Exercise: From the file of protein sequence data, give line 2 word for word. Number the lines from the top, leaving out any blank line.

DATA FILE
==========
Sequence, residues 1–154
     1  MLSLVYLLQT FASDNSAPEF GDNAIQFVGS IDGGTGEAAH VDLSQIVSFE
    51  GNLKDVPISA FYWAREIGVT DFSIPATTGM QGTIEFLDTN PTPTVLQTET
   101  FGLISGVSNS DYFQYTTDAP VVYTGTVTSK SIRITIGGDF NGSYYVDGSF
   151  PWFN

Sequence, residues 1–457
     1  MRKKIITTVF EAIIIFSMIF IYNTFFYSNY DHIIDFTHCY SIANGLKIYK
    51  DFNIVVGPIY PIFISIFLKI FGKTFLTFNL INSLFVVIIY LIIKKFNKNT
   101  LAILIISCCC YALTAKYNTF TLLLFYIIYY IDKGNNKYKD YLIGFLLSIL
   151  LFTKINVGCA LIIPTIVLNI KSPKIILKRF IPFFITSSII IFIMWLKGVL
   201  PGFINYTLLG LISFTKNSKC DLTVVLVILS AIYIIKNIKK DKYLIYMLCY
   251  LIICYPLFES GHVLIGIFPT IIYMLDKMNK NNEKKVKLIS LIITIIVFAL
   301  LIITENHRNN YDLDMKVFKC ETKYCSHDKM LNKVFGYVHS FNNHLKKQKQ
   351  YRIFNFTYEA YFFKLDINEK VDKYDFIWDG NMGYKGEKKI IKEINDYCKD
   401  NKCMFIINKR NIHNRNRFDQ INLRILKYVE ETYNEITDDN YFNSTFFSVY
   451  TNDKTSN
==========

     1  MLSLVYLLQT FASDNSAPEF GDNAIQFVGS IDGGTGEAAH VDLSQIVSFE